Newsletter... 5-29-02

A few examples from life that can teach us something
by Trevor Leggett (Volume 72: 3) November 1997 The Middle Way
The temperature last week was very hot - so hot that I was using a paper fan; in fact I had two fans. It was appropriate then, but not today when it's much cooler: if I were to go on fanning myself there would be something wrong. But this can happen to us very easily in life. We can take up some attitude or method of meeting a present situation which is appropriate at the time; maybe the situation requires us to " answer back ", in order justly to support a principle. But some people are always answering back, appropriately or not: still fanning themselves when it is no longer hot. We should be able to take out our fans, use them, but then put them away instead of repeating the same idea or attitude when it is quite inappropriate.

Those of you who have had a reasonably well trained dog will know well that moment when out on a walk he picks up a scent and has to follow it. As he dashes off to investigate he becomes deaf to your cries calling him back: " If I could hear you I would come ", he is telling you as he disappears with his ears lying flat, but unfortunately just at the moment I can't hear you! " Of course, when he has investigated the smell he will happily return to your call.

It is very easy for us to behave in this way. " The flaming passions without limit, I vow to quench, extinguish or cut them off " is the second Bodhisattva vow; yet we might prefer to hear differently: It seems to me that to " cut off " the passions is an extreme. Indians are an extreme people aren't they? All those fakirs on beds of nails . . . to speak their language the Buddha had to use exaggerated terms. What is really meant by " cut off " is reduce. " Thus with convenient reasoning we cover our ears. But it is a fundamental instinct and on these occasions we are all liable to be dogs choosing to hear when and in the manner it suits us!
I took away a copy of some sermons from a small village in Japan by a retired Zen Master called Oka. Reading them later I discovered what a great man he had been. The Sanskrit sila translates as morality, discipline, or the rules, and literally means something that is constantly done. For example it would be sila to practise constantly the drums, or to slander others regularly. Sila therefore is to do something " habitually ". In Oka's sermon he said: " People think the rules of sila are imposed, that we are bound to observe them, but actually the rules are a natural expression - they are what we would naturally do. "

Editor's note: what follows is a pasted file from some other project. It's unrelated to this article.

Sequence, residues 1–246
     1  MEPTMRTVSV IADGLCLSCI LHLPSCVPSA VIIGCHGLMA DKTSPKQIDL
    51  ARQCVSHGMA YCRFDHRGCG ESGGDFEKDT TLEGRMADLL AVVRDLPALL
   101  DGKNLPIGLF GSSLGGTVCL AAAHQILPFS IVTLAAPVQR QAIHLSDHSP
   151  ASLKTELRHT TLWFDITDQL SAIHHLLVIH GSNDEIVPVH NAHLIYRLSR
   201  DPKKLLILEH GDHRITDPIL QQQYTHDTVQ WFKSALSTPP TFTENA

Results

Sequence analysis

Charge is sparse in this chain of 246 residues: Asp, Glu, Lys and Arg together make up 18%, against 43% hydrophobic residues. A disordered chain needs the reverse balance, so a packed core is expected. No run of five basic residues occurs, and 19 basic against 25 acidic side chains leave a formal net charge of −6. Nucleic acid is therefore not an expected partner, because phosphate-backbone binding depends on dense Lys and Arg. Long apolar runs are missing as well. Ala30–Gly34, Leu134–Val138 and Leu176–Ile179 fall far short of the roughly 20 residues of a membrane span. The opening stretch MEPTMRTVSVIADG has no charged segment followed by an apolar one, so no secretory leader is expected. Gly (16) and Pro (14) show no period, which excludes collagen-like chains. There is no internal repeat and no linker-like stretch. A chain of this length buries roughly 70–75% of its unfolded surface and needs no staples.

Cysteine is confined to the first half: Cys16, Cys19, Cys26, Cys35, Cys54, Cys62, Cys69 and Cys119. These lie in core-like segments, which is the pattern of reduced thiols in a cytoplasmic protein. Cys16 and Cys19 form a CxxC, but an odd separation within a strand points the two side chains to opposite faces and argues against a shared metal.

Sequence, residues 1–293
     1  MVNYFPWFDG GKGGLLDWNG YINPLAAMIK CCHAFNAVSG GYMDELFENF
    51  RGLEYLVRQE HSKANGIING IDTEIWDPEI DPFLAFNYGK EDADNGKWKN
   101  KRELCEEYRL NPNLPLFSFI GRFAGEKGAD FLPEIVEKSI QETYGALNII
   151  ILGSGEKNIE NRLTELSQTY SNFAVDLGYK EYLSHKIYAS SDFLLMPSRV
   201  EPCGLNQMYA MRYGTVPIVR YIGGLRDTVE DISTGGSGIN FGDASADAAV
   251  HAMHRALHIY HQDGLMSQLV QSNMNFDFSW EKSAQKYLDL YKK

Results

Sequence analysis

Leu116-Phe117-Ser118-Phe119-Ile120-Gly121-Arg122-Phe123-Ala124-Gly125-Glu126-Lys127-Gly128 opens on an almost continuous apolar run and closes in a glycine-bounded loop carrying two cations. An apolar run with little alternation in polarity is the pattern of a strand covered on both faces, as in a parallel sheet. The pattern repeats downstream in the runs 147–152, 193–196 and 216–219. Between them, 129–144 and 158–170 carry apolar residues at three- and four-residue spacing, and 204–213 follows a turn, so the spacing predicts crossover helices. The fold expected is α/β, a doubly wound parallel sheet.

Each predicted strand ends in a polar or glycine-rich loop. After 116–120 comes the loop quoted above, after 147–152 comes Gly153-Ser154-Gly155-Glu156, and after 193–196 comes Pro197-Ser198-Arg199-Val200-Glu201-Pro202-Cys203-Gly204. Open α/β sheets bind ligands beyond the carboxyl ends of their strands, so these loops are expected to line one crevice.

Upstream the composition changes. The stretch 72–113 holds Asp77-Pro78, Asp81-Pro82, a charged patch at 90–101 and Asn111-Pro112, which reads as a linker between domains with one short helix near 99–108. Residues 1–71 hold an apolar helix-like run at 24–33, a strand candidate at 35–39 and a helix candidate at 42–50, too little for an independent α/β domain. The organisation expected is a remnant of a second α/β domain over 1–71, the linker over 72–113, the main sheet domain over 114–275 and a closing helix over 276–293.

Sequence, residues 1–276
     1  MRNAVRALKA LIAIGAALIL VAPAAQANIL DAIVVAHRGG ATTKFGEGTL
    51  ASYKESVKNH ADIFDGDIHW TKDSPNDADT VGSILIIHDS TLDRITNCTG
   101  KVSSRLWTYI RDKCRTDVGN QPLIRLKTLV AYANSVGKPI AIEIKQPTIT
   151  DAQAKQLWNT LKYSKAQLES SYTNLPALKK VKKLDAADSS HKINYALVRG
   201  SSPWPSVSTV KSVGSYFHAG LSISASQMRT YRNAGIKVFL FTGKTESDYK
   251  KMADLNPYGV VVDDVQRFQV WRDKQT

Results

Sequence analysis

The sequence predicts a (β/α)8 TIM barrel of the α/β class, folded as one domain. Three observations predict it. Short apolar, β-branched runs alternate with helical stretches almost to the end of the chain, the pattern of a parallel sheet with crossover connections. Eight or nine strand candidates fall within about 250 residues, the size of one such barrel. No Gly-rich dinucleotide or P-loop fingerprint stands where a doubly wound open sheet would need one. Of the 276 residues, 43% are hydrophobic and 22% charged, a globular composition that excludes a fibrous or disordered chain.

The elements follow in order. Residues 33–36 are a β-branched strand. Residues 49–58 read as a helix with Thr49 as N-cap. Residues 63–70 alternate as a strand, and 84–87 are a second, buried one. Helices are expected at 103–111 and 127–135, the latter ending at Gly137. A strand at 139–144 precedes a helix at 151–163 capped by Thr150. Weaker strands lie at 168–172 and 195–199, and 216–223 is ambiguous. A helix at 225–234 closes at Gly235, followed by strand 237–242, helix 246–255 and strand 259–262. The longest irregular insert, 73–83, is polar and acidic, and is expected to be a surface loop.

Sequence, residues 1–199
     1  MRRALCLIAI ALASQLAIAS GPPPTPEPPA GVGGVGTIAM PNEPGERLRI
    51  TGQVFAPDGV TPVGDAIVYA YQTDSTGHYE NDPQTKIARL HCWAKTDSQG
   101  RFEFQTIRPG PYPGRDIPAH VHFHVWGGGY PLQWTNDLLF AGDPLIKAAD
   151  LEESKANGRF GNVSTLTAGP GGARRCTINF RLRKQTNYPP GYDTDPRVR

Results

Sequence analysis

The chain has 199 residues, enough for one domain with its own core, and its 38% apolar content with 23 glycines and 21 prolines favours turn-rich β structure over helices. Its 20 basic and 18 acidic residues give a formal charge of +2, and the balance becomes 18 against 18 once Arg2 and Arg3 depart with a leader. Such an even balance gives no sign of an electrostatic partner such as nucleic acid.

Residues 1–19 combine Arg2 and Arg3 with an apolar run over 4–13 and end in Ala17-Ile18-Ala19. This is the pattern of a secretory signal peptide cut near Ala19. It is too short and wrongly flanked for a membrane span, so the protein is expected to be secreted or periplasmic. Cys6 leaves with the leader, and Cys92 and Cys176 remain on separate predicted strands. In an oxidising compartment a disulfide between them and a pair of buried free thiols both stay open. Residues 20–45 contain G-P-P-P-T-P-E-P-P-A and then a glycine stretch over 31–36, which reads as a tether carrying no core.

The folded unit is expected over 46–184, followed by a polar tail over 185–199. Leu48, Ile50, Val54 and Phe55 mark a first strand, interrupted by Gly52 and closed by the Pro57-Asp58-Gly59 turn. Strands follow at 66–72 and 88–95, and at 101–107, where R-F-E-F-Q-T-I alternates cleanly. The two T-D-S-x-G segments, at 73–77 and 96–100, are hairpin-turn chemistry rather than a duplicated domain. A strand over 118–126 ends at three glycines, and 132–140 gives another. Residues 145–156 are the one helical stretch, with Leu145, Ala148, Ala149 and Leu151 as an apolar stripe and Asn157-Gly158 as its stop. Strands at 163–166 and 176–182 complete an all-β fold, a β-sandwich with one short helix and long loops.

When we are born we are naturally right or left handed. If it is not checked I will go on using the right hand more and more - or if I am one in ten it will be the left hand. In either case the body gets distorted. The control and precision of the inferior hand becomes dwarfed; it becomes natural for me to use my superior hand, and if I have to do something with my inferior side I am very poor at it. It feels unnatural to use that hand. But to be effective physically we have to bring both sides of the body into action, training them equally. At first a trainer gives exercises that seem unnatural, but when the inferior side has been brought to life the whole body is flexible and free. Now this is natural, this is the true nature. Before, doing everything with our superior side seemed to be natural, but it wasn't the true nature. In the same way Oka says: " Morality is correcting the distortions that are not natural to us and, when they have been corrected by force, so to speak, and become careful actions, we find to our surprise that they are natural. "